Revisiting the Context
When Shree Krishna invited the Gopis by playing on His flute on a breathtaking backdrop of the rarest of the rare Sharat Poornima night, the Gopis, captivated by their Madhav’s venu-naad, irresistibly ran to meet their Beloved near the banks of river Yamuna in a dense forest. The Gopis pleaded with the Lord to bestow the divine essence of Rasa on them as was promised earlier. Prabhu smilingly acknowledges to keep His promise and begins the supremely glorious dance of Raasleela. Amidst the dance, when each Gopi had their Pranpriya-Vallab (Shree Krishna) for themselves, they developed a sense of self-esteem within themselves. That the Lord, Himself, was dancing with them, induced a sense of pride within their hearts. Noticing this, Shree Krishna disappeared into the jungle with Radhaji.
Experiencing the pain of separation that the Gopis felt when their beloved Nikunja Bihari (Shree Krishna) disappeared before them, they began to lament incessantly at their ill fates. Thus they began to sing a song depicting their extraordinary love and fervent pain of separation for Bhagawan, known as Gopi Geet in Shrimad Bhagawatam.
विषजलाप्ययाद् व्यालराक्षसाद् वर्षमारुताद् वैद्युतानलात् ।
वृषमयात्मजाद् विश्वतोभयाद् वृषभ ते वयं रक्षिता मुहुः ॥३॥
The acute, pain-stricken Gopis recount various incidents to remind Shree Krishna how He has protected them time and again from the faces of danger. Why did he not take their lives during those terrible times? Why did He save them every time they were confronted with fear and death? Dying seems easier at this moment than living a life devoid of Shree Krishna.
Shree Krishna invited Kaamdev, the god of desire, to witness the glorious Raasleela, and stupefied him with His exceptionally charming attractiveness. Shree Krishna’s grandeur and beauty outshone thousands of Kaamdevs put together. Hence, Shree Krishna is also invoked as Madan Mohan. When Kaailya naag, the five-headed serpent, was infusing poison into the river Yamuna, many sakhas began to fall ill. Kesava pacified the venomous snake and banished him from Vrindavan forever. From another perspective, Kaaliya naag also refers to the poison that is spread through the five senses from the material world. This poison is the root cause of vyadhi in this world. Shree Krishna, being kaam-vasana-nashak, the destroyer of worldly desires, protected the Brajwasis from getting dragged into the poisonous fangs of Kaliya.
In another incident, Aghasur, a demon disguised as a python, tricked Shree Krishna’s sakhas (friends) to perceive it as a cavern and engulfed them. The Lord began to increase His body size inside its stomach, the demon too continued to increase its size. Finally, the demon was unable to expand any further and suffocated to death. Thus Shree Krishna rescued his cowherd friends yet again as He did when Lord Indra initiated torrential rain in Braj out of egotistic anger. In this manner, the Gopis continue to remember another victorious incident of eliminating Trinavarta, the epitome of false ego; when their Gopal was very young. They also recall a memory from the future – of killing Aristasura and reminds Him that He has appeared on Mother Earth to protect His devotees from any evil that might befall them.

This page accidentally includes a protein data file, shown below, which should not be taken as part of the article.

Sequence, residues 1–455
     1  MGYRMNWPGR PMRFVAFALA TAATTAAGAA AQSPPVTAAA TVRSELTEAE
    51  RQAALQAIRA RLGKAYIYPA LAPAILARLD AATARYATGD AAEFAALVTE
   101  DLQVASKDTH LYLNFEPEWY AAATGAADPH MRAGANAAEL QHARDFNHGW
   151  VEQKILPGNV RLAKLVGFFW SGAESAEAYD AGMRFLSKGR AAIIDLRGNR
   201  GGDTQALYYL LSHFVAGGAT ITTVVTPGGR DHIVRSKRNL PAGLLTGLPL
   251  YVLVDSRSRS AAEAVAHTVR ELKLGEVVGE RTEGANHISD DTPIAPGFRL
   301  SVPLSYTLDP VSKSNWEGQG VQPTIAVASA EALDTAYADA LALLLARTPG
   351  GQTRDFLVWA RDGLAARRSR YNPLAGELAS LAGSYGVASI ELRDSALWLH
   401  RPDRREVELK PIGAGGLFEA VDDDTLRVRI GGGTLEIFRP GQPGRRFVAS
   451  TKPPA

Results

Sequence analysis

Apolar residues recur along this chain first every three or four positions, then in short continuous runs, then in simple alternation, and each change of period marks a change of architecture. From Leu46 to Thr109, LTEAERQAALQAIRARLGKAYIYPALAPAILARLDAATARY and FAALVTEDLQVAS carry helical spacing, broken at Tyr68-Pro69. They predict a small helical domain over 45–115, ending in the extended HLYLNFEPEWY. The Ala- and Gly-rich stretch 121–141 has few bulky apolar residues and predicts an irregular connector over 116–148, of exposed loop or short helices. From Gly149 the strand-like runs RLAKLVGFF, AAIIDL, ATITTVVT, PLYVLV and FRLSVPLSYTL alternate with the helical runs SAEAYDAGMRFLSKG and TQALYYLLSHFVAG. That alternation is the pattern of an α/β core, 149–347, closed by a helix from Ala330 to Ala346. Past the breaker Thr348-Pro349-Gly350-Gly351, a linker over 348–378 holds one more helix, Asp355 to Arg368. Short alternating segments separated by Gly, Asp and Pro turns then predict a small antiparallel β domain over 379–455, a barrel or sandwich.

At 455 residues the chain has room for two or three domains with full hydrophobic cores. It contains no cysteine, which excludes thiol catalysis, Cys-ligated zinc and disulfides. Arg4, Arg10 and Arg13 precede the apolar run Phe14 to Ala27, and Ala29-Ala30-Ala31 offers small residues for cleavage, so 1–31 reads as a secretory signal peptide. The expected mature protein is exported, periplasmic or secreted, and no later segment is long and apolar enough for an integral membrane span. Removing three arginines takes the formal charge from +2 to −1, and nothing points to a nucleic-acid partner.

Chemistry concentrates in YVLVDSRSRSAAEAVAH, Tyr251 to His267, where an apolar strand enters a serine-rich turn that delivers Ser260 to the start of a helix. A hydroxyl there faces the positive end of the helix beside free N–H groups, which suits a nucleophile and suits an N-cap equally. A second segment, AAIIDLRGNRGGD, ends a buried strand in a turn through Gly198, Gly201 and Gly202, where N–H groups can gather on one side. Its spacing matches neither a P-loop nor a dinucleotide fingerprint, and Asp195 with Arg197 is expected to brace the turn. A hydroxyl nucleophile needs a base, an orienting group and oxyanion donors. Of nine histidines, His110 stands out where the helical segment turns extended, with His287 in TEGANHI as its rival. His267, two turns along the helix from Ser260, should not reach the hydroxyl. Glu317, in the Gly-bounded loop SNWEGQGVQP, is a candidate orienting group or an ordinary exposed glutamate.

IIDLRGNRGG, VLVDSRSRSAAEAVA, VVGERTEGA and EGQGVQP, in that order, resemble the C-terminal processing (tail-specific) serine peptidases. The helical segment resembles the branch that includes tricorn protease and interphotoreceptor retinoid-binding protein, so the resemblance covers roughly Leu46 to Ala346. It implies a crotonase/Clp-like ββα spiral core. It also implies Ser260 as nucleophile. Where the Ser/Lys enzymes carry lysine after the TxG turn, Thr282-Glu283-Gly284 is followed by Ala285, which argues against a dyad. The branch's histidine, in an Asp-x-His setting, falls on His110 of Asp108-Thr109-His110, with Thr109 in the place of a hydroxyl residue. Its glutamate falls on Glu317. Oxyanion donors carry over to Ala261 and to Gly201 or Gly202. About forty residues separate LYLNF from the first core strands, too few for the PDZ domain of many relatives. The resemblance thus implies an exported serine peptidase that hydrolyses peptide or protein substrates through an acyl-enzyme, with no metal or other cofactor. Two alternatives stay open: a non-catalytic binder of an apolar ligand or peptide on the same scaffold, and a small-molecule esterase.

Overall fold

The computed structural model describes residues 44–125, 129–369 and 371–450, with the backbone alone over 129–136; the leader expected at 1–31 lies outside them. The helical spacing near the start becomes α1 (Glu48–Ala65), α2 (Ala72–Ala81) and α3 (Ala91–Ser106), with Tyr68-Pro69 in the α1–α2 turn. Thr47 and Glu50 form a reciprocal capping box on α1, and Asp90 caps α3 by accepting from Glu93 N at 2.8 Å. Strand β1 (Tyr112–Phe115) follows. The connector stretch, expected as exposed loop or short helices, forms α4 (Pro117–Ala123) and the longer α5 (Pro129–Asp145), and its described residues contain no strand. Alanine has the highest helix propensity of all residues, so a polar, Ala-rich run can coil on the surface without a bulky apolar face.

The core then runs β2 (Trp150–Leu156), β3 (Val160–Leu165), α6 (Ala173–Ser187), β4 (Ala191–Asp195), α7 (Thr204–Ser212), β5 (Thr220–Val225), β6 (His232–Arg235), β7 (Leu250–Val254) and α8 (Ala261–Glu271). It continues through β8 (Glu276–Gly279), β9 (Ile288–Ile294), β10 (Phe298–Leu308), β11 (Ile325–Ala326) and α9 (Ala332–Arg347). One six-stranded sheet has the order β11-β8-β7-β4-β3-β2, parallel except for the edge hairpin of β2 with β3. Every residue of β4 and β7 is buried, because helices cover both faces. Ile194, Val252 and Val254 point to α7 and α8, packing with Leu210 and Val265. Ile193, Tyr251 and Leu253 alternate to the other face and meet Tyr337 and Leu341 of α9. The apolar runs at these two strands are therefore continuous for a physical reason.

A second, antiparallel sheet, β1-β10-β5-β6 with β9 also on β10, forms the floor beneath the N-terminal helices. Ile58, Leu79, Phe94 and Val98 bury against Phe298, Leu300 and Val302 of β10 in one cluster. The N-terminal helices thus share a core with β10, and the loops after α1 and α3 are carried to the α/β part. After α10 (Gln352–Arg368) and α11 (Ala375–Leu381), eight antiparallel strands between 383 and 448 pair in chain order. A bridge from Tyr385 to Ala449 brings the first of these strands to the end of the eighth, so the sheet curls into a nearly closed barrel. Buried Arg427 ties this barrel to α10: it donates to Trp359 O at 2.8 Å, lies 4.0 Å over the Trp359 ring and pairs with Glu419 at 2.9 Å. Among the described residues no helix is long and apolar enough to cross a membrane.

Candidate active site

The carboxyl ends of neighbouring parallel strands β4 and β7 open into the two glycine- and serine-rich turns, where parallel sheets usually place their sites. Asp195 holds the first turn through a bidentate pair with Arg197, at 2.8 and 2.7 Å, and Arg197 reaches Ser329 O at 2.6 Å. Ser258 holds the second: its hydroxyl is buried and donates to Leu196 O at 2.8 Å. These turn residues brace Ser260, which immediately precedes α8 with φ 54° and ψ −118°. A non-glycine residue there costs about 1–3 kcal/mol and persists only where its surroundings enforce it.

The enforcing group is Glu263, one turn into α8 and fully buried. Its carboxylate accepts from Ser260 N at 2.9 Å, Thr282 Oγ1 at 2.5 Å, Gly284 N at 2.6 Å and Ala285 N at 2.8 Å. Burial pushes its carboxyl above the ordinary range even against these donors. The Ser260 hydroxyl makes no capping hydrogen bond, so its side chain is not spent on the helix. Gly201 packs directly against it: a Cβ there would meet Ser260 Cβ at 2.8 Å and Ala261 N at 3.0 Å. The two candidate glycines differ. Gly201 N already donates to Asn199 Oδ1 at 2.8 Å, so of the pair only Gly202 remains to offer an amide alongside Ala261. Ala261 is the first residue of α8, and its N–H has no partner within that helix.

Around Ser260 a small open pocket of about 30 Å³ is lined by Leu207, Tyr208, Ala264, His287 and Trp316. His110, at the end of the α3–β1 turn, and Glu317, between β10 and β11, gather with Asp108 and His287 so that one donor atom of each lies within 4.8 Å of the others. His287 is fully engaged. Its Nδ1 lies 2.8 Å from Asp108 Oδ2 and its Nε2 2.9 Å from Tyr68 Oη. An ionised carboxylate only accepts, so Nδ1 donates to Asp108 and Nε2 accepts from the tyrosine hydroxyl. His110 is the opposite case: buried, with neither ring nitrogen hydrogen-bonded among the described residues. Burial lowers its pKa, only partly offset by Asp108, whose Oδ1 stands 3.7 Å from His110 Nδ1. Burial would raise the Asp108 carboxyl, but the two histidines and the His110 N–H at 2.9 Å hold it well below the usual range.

Thereafter the Gopis begin to pray to Shree Krishna as Rishabh, glorious of all men, to protect them and take care of them as He takes care of His cows.
Watch this interesting video by Swami Mukundananda –
Divine Love and Material Love
It is important to draw our attention to the truth that the Gopis did not feel any material love for the world although it might apparently look so, they nurtured akaitab prem for their Priyatam (beloved). Material love is also known as kaitab prem as it binds a soul to the object of their love. On the other hand, Divine love is akaitab in nature, it frees a soul to higher transcendental levels of acquiring nearness with Shree Krishna. When a jeevatma (soul) loves any person or thing in this material world, it ultimately induces suffering. Hence during the death of a person, they feel an intense pain of separation from that object of love often feeling like 200 scorpions stinging at the same time! Conversely, the bhav (sentiment) that the Gopis contained for Bhagawan is exemplary of akaitab prem. When Gopi was ordered not to leave her palace in order to see Shree Krishna again, she responded to her mother saying – later do not accuse me of the condition you see me next time as I will leave this body to become that bumblebee you see buzzing around Shree Krishna’s vanmala (garland of wild flowers). Know that it is me! A bhakt is ever ready to leave their body to serve the Lord in the tat-sukh-sukhitvam bhav. Yet they continue to remain ever engrossed in the ever-expanding achintya anand of the Lord. This provides the slightest glimpse of the akitab prem that the Gopis realized for their Govinda.